3(1974); http://dx.doi.org/10.1063/1.3253139View Description Hide Description
All available data on the microwave spectra of carbonyl sulfide and hydrogen cyanide are critically reviewed and tabulated. Molecular data such as rotational constants, centrifugal distortion constants, dipole moments, hyperfine coupling constants, and structural parameters are also tabulated. All rotational transitions from 100 MHz to 300 GHz that are deemed likely to be of interest to radio astronomers are calculated and tabulated along with their estimated 95 percent confidence limits. Microwave measurements are tabulated for most isotopic species and for many of the lower vibrational states. For both carbonyl sulfide and hydrogen cyanide a bibliography is given which includes nearly all the spectroscopic work reported in the literature. For each molecule a bibliography of related astrophysical papers is also given.
Microwave Spectra of Molecules of Astrophysical Interest VII. Carbon Monoxide, Carbon Monosulfide, and Silicon Monoxide3(1974); http://dx.doi.org/10.1063/1.3253140View Description Hide Description
The available data on the microwave spectra of carbon monoxide, carbon monosulfide, and silicon monoxide are critically reviewed for information applicable to radio astronomy. Molecular data such as rotational constants, centrifugal distortion parameters, dipole moments,hyperfine coupling constants, and structure are tabulated. Observed rotational transitions are presented for all measured isotopic forms of these molecules. All of the available data has been analyzed in order to predict all rotational transitions of these molecules up to 300 GHz. Error limits have been taken from the original literature for each measured transition frequency. All predicted transition frequencies are given with estimated uncertainties which represent the 90 percent confidence limit.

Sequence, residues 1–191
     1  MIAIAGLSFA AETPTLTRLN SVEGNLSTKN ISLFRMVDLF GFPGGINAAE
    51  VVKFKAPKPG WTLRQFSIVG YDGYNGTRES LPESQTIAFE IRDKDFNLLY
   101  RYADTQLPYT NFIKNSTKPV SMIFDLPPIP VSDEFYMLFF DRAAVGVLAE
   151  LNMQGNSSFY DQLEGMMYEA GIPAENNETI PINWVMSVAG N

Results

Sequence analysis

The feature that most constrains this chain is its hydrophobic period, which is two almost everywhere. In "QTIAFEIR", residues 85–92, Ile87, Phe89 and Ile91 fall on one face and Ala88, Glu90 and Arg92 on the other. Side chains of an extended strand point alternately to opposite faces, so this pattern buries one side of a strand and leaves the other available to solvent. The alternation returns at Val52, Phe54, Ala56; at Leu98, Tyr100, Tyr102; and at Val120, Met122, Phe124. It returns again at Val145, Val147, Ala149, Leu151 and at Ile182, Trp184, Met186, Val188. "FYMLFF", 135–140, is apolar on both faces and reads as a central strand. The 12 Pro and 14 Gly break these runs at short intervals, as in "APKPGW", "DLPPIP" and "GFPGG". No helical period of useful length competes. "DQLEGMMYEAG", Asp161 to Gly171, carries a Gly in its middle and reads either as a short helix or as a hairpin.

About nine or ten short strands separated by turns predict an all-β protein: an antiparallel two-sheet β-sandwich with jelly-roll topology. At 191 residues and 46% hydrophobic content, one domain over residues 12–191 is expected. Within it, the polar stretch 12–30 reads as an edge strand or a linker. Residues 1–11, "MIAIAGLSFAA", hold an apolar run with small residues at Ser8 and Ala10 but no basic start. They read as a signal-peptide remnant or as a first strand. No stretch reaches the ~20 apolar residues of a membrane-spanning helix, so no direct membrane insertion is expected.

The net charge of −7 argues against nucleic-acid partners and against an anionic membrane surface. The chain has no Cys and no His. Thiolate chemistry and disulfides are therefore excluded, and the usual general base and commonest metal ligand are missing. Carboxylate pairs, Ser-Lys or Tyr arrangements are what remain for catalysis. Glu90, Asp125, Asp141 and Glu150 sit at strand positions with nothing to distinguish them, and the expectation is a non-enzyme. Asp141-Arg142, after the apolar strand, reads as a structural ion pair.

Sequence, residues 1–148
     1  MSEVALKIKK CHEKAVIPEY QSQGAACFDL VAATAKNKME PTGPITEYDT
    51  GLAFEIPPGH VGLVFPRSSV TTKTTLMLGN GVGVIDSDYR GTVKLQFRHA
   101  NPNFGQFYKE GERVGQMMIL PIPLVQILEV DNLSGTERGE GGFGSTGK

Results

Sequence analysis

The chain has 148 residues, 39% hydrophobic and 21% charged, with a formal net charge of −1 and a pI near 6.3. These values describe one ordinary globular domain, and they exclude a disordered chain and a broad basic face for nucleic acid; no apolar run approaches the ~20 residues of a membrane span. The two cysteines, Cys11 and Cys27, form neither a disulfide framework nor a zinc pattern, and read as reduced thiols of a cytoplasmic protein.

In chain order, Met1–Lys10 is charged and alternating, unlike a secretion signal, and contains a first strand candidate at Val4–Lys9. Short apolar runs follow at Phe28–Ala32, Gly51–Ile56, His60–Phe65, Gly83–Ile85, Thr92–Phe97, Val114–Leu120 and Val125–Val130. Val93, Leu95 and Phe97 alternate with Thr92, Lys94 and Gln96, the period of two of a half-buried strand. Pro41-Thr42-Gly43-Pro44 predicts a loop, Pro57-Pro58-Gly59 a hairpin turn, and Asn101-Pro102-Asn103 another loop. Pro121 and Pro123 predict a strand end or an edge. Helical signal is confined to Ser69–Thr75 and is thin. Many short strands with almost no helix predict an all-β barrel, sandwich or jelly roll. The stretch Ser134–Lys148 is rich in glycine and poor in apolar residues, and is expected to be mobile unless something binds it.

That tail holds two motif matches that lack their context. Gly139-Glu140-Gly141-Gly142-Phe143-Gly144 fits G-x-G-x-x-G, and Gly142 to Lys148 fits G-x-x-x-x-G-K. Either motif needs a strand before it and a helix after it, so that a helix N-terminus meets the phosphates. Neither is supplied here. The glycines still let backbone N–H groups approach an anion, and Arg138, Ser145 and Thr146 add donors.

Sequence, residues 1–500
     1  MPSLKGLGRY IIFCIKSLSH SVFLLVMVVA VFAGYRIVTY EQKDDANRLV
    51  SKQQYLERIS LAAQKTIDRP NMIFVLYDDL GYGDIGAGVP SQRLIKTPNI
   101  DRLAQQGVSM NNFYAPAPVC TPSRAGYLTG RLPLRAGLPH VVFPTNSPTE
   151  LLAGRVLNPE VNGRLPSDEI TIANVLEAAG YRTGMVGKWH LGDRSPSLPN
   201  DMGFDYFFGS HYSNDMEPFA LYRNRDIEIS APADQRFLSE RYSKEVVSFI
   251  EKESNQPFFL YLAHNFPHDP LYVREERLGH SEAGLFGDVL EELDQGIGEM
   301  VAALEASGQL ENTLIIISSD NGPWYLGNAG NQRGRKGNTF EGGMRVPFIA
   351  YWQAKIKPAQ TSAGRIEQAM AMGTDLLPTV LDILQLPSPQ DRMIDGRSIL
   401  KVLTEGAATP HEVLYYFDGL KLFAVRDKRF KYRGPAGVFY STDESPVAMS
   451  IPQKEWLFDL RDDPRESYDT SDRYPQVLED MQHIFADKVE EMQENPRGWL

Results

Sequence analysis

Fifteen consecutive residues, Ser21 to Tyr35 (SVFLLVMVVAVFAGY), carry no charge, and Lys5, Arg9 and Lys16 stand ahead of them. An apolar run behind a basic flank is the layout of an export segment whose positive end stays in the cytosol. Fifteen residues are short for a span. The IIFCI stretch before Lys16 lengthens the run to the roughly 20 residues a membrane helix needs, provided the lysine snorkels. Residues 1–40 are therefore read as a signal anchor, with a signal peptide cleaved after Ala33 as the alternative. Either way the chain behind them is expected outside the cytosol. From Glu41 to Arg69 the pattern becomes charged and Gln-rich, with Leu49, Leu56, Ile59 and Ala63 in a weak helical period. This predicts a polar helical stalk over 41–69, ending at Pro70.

3(1974); http://dx.doi.org/10.1063/1.3253141View Description Hide Description
The available data on the microwave spectrum of sulfur monoxide (SO) is critically reviewed and tabulated. Molecular data such as rotational constants, hyperfine coupling constants, electric dipole moment, and magnetic g‐factors are given. All rotational transitions up to 350 GHz for the isotopic species 32S16O, 34S16O, and 32S18O in the ground vibrational state are calculated and tabulated along with their estimated 95 percent confidence levels. The line strengths of all tabulated transitions have been determined. A bibliography of SO is given which includes results from microwave spectroscopy as well as from electron paramagnetic resonance.
3(1974); http://dx.doi.org/10.1063/1.3253142View Description Hide Description
The compilations of fundamental vibrational frequencies of molecules previously published in the NSRDS—NBS publication series and in this journal are here extended to 49 additional molecules. Selected values of the fundamental vibrational frequencies are given for each molecule, together with observed infrared and Raman spectral data and citations to the original literature. The selection of vibrational fundamentals has been based on careful studies of the spectral data and comprehensive normal‐coordinate analyses. An estimate of the accuracy of the selected values is included. The tables provide a convenient source of information for those who require vibrational energy levels and related properties in molecular spectroscopy, thermodynamics, analytical chemistry, and other fields of physics and chemistry.